vollhardt3_c3 - Reactions of Alkanes Bond-Dissociation...

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93 Reactions of Alkanes 3 Bond-Dissociation Energies, Radical Halogenation, and Relative Reactivity C ombustion of alkanes releases most of the energy that powers modern industri- alized society. How does this process occur? Is it related to the chemistry that converts alkanes into other organic molecules? We will find that both transformations rely on the same essential step: the breaking of a bond, or bond dissociation. Many liquid and solid alkanes are obtained cheaply from petroleum (Section 3-3). Thus, nature has given us large quantities of hydrocarbons that can be used as “chem- ical feedstocks,’’ or starting materials, for the synthesis of other organic molecules. Alkanes are also produced naturally by the slow decomposition of animal and veg- etable matter in the presence of water but in the absence of oxygen, a process last- ing millions of years. The smaller alkanes—methane, ethane, propane, and butane— are present in natural gas, methane being by far its major component. In the United States, natural gas is a major source of energy, with annual production in the hun- dreds of millions of tons. As stated in Chapter 2, alkanes are organic chemicals that lack functional groups. Chapter 3 begins by explaining how bond dissociation in alkanes can be made to oc- cur. Next, we learn how to introduce functional groups, to turn alkanes into com- pounds useful for synthesis, a process called functionalization. An important func- tionalization reaction of alkanes is halogenation, in which a hydrogen atom is replaced by a halogen. For each of these processes, we shall use a description of its mechanism to explain the conditions under which each takes place. You will see that these mechanistic concepts also explain the effects of halogen-containing chemicals on the stratospheric ozone layer. Finally, a discussion of alkane combustion leads to a description of the methods used to establish the heat contents and relative stabili- ties of molecules. Reactive odd-electron species such as halogen atoms and hydroxy radicals (shown here) are involved in the oxidative degradation of organic materials and contribute to weathering.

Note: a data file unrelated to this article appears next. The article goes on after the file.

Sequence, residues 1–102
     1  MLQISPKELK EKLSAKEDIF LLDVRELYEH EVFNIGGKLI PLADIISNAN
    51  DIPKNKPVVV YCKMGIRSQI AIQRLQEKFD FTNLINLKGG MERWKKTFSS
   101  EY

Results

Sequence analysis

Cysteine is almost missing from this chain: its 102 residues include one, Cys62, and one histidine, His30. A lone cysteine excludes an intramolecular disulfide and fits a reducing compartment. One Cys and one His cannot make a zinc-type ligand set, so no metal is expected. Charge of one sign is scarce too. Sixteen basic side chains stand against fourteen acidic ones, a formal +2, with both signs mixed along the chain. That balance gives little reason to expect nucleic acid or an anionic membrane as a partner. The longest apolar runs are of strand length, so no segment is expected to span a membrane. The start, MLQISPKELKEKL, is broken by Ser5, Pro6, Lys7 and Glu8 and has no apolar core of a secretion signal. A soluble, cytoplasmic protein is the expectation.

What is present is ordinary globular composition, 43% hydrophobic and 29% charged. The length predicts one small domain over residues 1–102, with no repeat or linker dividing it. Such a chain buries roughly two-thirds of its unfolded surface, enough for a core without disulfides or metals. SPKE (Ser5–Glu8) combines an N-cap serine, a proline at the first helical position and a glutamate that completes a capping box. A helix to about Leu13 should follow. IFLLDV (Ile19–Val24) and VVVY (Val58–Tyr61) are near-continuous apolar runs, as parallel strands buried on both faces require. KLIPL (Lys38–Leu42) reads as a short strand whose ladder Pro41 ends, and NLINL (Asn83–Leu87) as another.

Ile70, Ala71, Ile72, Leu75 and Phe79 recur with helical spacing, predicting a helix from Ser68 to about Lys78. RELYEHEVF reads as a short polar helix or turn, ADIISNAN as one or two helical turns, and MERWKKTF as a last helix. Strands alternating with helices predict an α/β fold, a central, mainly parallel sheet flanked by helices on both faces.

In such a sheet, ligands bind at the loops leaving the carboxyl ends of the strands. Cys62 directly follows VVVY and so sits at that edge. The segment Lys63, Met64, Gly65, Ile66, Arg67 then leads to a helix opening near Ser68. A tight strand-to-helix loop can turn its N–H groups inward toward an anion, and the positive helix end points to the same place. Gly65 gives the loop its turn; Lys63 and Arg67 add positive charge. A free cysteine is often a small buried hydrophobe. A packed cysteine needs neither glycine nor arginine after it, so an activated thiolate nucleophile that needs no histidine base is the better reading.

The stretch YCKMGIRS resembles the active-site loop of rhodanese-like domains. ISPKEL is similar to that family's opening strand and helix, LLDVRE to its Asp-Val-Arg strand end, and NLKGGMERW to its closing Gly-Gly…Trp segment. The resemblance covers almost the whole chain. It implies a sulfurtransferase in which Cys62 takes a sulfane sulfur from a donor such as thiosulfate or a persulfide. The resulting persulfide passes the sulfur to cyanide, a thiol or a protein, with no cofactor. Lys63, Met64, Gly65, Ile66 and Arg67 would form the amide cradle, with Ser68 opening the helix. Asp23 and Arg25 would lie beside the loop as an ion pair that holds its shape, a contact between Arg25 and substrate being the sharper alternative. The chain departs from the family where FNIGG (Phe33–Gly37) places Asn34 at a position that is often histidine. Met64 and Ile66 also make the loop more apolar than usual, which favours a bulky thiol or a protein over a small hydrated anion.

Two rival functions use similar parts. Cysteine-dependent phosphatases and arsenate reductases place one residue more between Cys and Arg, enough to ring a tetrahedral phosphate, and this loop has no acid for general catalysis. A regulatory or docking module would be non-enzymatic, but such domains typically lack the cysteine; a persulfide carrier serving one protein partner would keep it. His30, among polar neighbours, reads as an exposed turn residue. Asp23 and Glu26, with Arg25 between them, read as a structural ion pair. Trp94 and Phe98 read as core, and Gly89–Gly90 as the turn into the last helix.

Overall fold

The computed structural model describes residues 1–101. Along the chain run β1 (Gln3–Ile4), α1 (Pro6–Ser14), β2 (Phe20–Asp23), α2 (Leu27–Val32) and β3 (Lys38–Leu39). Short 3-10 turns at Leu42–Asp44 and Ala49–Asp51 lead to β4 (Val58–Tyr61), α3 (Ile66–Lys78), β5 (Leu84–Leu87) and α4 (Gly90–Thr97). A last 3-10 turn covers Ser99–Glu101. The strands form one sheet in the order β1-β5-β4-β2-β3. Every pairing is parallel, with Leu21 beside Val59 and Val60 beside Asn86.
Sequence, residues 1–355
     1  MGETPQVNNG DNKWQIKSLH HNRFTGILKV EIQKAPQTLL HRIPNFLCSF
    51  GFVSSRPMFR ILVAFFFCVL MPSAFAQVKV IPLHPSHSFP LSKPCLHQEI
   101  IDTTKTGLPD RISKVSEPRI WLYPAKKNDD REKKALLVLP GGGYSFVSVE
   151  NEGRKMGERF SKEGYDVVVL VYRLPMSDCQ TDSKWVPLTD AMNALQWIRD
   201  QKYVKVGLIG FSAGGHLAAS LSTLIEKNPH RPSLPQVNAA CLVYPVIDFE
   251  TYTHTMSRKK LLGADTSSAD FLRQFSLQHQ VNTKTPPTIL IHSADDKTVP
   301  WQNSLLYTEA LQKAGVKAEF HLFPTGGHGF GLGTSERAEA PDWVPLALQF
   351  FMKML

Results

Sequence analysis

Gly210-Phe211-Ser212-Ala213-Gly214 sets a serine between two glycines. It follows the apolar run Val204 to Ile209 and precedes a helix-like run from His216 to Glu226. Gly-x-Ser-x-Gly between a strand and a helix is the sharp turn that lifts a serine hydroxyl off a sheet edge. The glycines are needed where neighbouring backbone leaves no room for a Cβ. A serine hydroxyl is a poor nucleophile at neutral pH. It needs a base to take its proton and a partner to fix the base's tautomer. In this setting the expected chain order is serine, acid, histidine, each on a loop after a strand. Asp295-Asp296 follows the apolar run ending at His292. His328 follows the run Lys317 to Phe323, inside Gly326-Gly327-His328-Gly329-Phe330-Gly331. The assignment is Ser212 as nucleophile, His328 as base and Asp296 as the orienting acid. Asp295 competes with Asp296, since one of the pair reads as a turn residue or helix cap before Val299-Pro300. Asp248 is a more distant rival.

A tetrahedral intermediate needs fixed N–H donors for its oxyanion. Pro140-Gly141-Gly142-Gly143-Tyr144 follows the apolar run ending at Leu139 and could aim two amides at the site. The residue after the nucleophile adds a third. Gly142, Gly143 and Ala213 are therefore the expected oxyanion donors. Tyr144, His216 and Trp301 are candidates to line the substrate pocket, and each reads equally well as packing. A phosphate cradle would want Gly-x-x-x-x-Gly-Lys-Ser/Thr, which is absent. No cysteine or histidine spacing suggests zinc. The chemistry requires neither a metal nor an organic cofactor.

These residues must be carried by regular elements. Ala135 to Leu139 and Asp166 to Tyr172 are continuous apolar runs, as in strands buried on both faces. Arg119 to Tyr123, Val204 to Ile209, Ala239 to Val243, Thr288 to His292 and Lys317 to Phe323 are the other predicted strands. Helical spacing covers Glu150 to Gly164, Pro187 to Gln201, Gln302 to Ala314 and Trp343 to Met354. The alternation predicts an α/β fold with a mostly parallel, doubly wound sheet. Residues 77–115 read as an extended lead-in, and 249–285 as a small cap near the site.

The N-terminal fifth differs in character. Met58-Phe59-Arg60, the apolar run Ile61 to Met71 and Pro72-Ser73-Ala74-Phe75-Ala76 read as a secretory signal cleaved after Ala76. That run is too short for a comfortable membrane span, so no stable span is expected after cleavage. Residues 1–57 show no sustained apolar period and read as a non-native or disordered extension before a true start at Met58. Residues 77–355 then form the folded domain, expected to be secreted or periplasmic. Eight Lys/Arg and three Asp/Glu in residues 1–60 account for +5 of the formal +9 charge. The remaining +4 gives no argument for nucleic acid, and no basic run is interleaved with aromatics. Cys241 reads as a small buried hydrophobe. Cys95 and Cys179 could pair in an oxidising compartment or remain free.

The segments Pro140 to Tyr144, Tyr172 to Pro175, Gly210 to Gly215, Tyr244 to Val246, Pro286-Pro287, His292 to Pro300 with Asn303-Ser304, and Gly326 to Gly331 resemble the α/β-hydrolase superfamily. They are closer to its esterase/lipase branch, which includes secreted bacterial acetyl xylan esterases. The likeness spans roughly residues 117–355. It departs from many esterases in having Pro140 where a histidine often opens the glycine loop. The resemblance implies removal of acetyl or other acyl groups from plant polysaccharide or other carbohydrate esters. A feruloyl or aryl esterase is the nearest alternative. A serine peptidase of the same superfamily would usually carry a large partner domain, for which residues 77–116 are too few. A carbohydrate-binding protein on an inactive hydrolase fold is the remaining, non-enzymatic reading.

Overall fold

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94 Chapter 3 REACTIONS OF ALKANES 3-1 Strength of Alkane Bonds: Radicals Chapter 1 explained how bonds are formed and that energy is released on bond for- mation. For example, bringing two hydrogen atoms into bonding distance produces 104 kcal mol 2 1 of heat (refer to Figures 1-1 and 1-12). H ? 1 H ? 7777n H O H D H ° 52 104 kcal mol 2 1 Consequently, breaking such a bond requires heat, in fact the same amount of heat that was released when the bond was made. This energy is called bond-dissociation energy, DH °, or bond strength. H O H 7777n H ? 1 H ? D H ° 5 DH ° 5 104 kcal mol 2 1 Radicals are formed by homolytic cleavage In our example, the bond breaks in such a way that the two bonding electrons divide equally between the two participating atoms or fragments. This process is called ho- molytic cleavage or bond homolysis.
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This note was uploaded on 04/27/2008 for the course CHEM 266 taught by Professor Forsey during the One '08 term at University of Wollongong, Australia.

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vollhardt3_c3 - Reactions of Alkanes Bond-Dissociation...

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